Trichotillomania is a mental health condition characterized by repetitive pulling out of one's hair, often leading to functional impairment and/or distress. A convenience sampling of 10,169 adults, aged 18-69 years, representative of the general US population, completed a survey to establish occurrence of trichotillomania, other mental health concerns, and impact of the illness. 175 (1.7%) identified as having current trichotillomania. Rates of trichotillomania did not differ significantly based on gender (1.8% of males and 1.7% of females). The mean age of onset for trichotillomania was 17.7 years. The mean age of onset differed significantly for males (mean 19.0 years) versus females (mean 14.8 years (p = 0.020). The average amount of distress reported due to trichotillomania was relatively high, and 79% of people with trichotillomania had one or more mental health comorbidities, the most common being anxiety/depressive disorders, OCD, PTSD, and ADHD. This study suggests trichotillomania is relatively common in the general population and typically characterized by moderate-high distress and high rates of comorbidity.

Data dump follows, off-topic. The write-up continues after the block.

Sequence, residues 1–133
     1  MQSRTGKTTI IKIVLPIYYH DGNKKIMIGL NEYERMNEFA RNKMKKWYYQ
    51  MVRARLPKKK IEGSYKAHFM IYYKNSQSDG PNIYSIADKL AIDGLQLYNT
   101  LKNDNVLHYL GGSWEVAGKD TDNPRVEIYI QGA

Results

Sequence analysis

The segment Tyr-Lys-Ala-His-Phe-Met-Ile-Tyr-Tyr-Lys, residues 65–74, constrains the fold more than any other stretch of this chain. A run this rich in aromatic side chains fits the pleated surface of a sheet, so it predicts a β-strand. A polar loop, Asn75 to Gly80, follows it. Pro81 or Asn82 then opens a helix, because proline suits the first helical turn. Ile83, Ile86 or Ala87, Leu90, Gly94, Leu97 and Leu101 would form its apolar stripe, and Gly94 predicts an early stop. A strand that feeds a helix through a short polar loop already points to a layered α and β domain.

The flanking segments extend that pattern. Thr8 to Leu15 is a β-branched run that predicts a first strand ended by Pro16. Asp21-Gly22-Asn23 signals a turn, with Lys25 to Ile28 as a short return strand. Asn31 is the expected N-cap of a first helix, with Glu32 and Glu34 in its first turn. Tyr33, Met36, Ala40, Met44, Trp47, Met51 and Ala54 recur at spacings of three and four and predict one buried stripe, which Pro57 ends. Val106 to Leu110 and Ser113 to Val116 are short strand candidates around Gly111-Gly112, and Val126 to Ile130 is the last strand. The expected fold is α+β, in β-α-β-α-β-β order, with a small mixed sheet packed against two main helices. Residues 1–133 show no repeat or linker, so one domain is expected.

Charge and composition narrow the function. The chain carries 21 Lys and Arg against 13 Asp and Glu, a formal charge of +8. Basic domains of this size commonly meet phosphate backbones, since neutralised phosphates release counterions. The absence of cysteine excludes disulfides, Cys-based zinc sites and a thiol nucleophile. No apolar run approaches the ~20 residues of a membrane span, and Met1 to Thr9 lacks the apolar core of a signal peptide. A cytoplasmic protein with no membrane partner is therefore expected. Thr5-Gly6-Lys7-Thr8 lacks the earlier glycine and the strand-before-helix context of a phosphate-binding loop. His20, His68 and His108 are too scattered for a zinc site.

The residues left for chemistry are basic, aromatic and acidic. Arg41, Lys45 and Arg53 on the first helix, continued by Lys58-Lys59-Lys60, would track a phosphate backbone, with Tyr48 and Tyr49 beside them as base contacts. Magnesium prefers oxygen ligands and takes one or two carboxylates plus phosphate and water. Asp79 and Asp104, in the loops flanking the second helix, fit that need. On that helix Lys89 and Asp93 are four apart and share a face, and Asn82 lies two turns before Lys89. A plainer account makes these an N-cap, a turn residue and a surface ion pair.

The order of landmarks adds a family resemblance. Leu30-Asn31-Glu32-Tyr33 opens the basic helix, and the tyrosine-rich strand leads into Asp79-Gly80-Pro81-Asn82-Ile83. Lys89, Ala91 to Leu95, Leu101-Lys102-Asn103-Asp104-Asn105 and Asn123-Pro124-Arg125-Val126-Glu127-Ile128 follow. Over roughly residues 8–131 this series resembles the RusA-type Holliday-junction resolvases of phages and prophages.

Keywords: Comorbidity; Gender; Prevalence; Trichotillomania.
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